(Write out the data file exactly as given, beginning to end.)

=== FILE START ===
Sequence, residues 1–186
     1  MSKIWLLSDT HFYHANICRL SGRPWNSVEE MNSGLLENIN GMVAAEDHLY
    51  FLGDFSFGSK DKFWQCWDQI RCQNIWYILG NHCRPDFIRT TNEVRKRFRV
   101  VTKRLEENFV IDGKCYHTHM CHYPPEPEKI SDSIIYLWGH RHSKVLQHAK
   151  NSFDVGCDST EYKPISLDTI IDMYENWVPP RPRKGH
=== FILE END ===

Sequence, residues 1–186
     1  MSKIWLLSDT HFYHANICRL SGRPWNSVEE MNSGLLENIN GMVAAEDHLY
    51  FLGDFSFGSK DKFWQCWDQI RCQNIWYILG NHCRPDFIRT TNEVRKRFRV
   101  VTKRLEENFV IDGKCYHTHM CHYPPEPEKI SDSIIYLWGH RHSKVLQHAK
   151  NSFDVGCDST EYKPISLDTI IDMYENWVPP RPRKGH